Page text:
Starbucks in Russia has recently been reopened as Stars Coffee by pro-Putin rapper Timati and restaurateur Anton Pinskiy. The pair acquired the rights to the coffee chain in Russia previously owned by Starbucks and operated by its licensee Alshaya Group of Kuwait.

Timati and Pinskiy attended the launch of the first of the 130 cafes in central Moscow. A part of its rebranding, the chain’s new logo was unveiled by the duo: a woman sporting the traditional Russian kokoshnik headdress, an image that still closely resembles the original. It won’t fool anyone, but the blatant brand-theft must be aimed at transitioning previous Starbucks patrons to the new chain.

Copying a logo and a menu is one thing, but copying all the business-established operations is going to be harder.

According to the company app, which was released a day before the store’s formal opening, the menu would be familiar to any Starbucks customers.

The company hopes to trade off the millions in investment that Starbucks made in establishing its brand in the country. We shouldn’t be surprised at the move, but whether the new company can operate at scale has yet to be seen. Copying a logo and a menu is one thing, but copying all the business-established operations is going to be harder.

We have a chance not just to change the sign, but to make a real live case of a cool import substitution!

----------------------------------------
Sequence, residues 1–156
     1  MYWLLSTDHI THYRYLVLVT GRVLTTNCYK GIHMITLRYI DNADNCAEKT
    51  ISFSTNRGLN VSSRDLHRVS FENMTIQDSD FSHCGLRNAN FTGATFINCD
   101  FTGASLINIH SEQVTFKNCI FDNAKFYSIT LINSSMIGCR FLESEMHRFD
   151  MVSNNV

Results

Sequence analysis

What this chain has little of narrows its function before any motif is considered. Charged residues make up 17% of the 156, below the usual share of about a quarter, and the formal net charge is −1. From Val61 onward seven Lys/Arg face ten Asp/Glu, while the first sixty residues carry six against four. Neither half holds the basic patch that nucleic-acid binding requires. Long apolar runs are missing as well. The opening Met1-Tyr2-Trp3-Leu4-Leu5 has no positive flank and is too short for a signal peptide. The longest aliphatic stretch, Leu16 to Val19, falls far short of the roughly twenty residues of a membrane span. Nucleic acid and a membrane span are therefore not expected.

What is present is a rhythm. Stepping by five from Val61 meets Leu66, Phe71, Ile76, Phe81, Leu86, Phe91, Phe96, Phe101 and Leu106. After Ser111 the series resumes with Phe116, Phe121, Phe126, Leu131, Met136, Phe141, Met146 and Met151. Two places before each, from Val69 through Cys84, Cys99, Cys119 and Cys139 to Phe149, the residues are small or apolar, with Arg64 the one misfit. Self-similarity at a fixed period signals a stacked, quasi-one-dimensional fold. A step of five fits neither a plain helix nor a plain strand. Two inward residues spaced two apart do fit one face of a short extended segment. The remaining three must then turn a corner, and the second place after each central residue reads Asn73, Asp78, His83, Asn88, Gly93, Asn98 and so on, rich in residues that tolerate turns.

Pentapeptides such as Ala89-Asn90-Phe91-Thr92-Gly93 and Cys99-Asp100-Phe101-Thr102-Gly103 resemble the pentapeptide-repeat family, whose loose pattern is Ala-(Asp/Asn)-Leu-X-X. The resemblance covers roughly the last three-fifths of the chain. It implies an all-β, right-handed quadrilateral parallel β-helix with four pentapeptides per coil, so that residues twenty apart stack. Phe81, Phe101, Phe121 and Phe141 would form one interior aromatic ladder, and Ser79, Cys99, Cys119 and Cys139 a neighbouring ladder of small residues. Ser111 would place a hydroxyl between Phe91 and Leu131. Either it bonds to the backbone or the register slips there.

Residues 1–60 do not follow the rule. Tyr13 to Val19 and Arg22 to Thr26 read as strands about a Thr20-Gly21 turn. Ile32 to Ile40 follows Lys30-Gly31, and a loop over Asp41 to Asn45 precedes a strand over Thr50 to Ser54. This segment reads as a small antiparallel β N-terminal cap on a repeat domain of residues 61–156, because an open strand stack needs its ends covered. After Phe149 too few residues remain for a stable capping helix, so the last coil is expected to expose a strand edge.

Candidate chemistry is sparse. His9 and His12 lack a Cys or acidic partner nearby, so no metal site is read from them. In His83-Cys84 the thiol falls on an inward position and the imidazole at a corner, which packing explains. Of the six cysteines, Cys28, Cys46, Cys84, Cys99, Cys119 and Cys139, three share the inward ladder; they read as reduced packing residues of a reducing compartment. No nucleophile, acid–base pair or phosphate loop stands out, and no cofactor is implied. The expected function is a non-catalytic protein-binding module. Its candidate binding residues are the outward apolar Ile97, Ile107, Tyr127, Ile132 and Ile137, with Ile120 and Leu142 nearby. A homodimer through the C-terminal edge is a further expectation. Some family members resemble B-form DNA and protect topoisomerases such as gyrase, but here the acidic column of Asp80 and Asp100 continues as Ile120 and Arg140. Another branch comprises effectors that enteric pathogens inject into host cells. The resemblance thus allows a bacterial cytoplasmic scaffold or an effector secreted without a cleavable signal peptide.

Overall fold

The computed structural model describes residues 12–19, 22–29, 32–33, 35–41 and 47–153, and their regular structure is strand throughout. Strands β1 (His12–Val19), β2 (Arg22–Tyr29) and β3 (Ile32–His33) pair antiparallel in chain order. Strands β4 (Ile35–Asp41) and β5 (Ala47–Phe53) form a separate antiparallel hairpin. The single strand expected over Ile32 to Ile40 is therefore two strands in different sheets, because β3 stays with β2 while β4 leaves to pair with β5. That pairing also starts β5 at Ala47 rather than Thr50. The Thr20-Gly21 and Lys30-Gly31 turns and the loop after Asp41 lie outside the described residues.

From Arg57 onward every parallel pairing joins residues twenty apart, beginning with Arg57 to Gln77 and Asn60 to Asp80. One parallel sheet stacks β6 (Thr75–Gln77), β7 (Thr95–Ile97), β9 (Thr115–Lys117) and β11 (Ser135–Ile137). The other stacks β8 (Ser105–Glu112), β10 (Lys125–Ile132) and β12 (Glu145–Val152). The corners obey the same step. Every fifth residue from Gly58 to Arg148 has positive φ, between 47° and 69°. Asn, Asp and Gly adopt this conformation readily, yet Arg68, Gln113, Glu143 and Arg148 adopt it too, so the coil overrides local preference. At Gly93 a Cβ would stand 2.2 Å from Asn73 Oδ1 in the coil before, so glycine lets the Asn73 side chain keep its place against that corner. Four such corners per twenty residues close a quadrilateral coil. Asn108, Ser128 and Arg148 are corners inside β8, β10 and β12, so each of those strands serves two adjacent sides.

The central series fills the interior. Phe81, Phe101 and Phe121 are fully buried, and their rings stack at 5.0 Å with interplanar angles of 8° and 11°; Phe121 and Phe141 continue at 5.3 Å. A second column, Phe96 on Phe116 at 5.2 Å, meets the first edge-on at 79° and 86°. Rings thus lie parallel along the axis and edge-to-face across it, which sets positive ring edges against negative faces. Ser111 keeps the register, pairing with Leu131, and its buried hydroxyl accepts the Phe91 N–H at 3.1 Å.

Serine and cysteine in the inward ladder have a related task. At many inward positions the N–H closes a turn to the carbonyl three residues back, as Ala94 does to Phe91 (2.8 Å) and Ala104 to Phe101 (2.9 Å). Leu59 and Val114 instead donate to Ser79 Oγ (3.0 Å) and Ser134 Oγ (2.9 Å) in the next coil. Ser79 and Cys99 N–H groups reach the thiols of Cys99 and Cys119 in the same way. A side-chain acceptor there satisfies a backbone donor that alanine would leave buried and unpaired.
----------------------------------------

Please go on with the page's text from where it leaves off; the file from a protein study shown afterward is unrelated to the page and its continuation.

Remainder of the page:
Timati, Rapper & Entrepreneur

At a press conference held on opening day, the Stars Coffee owners promised to reopen all former Starbucks locations under the new name and expand the business. Since its entry into Russia in 2007, the coffee giant had grown its operations in the country to around 130 stores.

The Russian authorities encourage Russian businesspeople to buy out western companies who are selling their assets at a loss in a rush to the exit after the country’s invasion of Ukraine. The intent is to communicate continuity to ordinary citizens who had become used to western lifestyles at a time when the country is becoming increasingly isolated from Europe and the U.S.

Now the economic situation is difficult, but this is a time of opportunity. For the past four months, we have been very actively looking at exiting companies following the example of Starbucks. There are several more similar examples, but we cannot talk about them yet.

Oleg Eskindarov, president of the holding company that partnered in the Starbucks deal (source: AP)

Starbucks said in May that it was leaving the Russian market, joining other well-known western companies that had already left the country in response to Russia’s invasion of Ukraine.

Photo by Maxim Shemetov/REUTERS

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